In a way it, it, it, it’s, it’s like a play. You can’t believe it really happened. But the president is essentially celebrating with the Russian diplomats.

NEWS REPORT:

One day after firing the man heading that probe into the Trump campaign ties to Russia, the president…

CARRIE JOHNSON:

No U.S.-based reporters, no American White House reporters are in the room.

PHIL RUCKER:

The Russians came in with their photographer from their state media agency, TASS, who took photos of this event, photos that were used, to some effect, in Russia, as propaganda.

MATT APUZZO:

Terrible optics. I mean terri-, terrible optics that just you couldn’t have scripted it worse.

KAREN DEYOUNG, The Washington Post:

Trump says, “We’re going to have a great relationship. There’s this investigation. It’s just become a total irritant for me.” And he says, “Jim Comey’s firing lifted a great weight from me. The guy was a nut job.”

NEWS REPORT:

First the firing. Now the fallout. Democrats and some…

NARRATOR:

Around Washington and the nation, the negative reaction to the Comey firing was gaining momentum.

NEWS REPORT:

President Trump now facing outrage after firing Comey.

NEWS REPORT:

It is hard to overstate the sheer magnitude…

NARRATOR:

To address the crisis, the president went on his old network for a one-on-one interview.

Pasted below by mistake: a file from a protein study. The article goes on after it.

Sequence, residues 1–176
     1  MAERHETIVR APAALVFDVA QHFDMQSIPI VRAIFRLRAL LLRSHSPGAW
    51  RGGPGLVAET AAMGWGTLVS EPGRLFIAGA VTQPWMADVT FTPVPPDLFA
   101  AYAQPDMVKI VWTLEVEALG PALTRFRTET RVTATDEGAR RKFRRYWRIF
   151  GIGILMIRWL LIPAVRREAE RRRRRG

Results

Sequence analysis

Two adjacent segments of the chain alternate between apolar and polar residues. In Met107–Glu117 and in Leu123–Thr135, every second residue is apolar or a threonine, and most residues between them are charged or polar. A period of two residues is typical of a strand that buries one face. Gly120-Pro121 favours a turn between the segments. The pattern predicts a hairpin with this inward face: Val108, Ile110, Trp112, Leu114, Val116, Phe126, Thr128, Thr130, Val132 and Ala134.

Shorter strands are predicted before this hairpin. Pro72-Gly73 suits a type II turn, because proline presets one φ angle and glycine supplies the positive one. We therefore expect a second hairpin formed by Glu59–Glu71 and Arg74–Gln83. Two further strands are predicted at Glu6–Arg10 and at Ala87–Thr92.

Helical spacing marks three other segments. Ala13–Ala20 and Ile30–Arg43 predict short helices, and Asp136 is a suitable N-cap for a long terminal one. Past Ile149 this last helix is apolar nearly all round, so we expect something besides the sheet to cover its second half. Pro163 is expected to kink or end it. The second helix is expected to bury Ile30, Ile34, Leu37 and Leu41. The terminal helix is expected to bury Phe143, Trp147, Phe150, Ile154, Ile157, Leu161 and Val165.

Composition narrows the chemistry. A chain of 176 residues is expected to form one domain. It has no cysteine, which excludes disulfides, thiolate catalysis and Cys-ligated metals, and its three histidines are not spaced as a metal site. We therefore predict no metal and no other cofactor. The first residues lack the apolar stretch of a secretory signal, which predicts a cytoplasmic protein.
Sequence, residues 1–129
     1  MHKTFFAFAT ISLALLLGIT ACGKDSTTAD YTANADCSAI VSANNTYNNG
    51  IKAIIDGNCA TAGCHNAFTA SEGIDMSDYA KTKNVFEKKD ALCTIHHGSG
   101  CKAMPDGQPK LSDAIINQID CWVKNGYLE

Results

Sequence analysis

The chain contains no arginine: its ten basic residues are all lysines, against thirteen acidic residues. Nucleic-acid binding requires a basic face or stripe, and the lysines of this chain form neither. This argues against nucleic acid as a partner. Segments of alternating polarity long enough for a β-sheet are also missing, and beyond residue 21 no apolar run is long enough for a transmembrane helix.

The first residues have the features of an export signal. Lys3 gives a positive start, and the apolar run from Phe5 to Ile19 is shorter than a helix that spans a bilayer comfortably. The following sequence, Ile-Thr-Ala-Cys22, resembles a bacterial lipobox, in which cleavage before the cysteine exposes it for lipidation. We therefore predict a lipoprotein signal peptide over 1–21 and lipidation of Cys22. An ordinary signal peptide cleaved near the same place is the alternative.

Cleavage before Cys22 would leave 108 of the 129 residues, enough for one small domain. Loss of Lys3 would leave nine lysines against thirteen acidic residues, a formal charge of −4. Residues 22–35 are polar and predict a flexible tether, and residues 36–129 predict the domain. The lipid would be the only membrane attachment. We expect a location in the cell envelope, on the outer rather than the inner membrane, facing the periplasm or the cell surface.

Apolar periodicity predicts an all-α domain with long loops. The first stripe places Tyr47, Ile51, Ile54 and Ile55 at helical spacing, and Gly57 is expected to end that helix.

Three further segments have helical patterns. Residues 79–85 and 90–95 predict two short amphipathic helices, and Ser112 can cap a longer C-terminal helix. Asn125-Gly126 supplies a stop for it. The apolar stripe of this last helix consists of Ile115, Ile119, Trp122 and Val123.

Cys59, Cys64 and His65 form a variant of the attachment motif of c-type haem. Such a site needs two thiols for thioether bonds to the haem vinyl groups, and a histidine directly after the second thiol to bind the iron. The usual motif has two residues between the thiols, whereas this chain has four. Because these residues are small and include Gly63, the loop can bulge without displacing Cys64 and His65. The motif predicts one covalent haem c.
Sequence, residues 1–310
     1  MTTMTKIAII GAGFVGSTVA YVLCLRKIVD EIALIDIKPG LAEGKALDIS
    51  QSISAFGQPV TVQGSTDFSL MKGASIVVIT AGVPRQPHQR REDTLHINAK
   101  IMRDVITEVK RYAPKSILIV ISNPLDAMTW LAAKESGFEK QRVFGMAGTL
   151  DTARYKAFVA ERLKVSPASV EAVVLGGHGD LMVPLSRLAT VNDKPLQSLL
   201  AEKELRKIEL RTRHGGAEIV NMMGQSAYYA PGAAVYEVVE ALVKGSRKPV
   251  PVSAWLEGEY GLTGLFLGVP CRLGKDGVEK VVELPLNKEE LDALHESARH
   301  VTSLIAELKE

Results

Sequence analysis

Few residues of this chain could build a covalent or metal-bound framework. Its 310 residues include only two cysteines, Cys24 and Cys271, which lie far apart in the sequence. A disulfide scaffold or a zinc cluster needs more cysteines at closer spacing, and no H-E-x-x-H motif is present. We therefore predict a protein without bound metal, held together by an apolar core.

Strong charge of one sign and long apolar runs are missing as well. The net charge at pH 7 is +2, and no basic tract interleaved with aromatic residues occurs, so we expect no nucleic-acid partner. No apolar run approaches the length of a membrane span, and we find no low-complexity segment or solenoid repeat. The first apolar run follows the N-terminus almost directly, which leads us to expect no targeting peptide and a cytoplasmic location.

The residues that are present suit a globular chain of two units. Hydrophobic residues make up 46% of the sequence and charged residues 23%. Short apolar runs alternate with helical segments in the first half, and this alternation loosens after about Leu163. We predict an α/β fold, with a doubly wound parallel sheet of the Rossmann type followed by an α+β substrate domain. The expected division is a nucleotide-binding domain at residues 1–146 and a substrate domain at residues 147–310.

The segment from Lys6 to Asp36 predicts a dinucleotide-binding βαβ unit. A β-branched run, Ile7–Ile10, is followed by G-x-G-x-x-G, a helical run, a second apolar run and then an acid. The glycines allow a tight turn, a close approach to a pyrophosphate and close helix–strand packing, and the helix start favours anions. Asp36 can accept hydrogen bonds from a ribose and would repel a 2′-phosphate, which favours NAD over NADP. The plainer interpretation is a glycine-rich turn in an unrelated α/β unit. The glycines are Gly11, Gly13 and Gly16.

ANNOUNCER:

This is NBC Nightly News with Lester Holt.

LESTER HOLT:

Tonight, stunning revelations from President Trump in our NBC News exclusive interview. Tonight our wide-ranging…

Monday, you met with the Deputy Attorney General Rod Rosen-, Rosenstein.

PRESIDENT DONALD TRUMP:

Right.

LESTER HOLT:

Did you ask for a recommendation?

PRESIDENT DONALD TRUMP:

What I did is, I was going to fire Comey. My decision. It was not…

LESTER HOLT:

You had made the decision before they came into your office?

PRESIDENT DONALD TRUMP:

I, I was going to fire Comey.

MATTHEW MILLER, Department of Justice, 2009-2011:

It is a dramatic moment to see the president come out and not only completely undermine the case that his White House had been making. But as spurious a case and as transparent as a case it was, it still had been the official line. The president comes out and demolishes that case immediately.

LESTER HOLT:

So you had already made the decision.

PRESIDENT DONALD TRUMP:

Oh, I was going to fire regardless of recommendation.

LESTER HOLT:

So there was…

HOWARD KURTZ:

I think there’s a level on which President Trump doesn’t want to be portrayed as just doing the bidding of some aides who write a memo. He’s the decider, to coin a phrase.

PRESIDENT DONALD TRUMP:

In fact, when I decided to just do it, I said to myself, I said, you know, this Russia thing with Trump and Russia is a made-up story. It's an excuse by the Democrats for having lost an election that they should have won. And the reason…

PHILIP RUCKER, The Washington Post:

You know, the thing with Donald Trump is, he often says what he believes. And if you just wait long enough he’ll, he’ll tell you the truth. I mean he’ll say it.

NEWS REPORT:

It is the interview that will likely dominate social media and…

NARRATOR:

The interview backfired.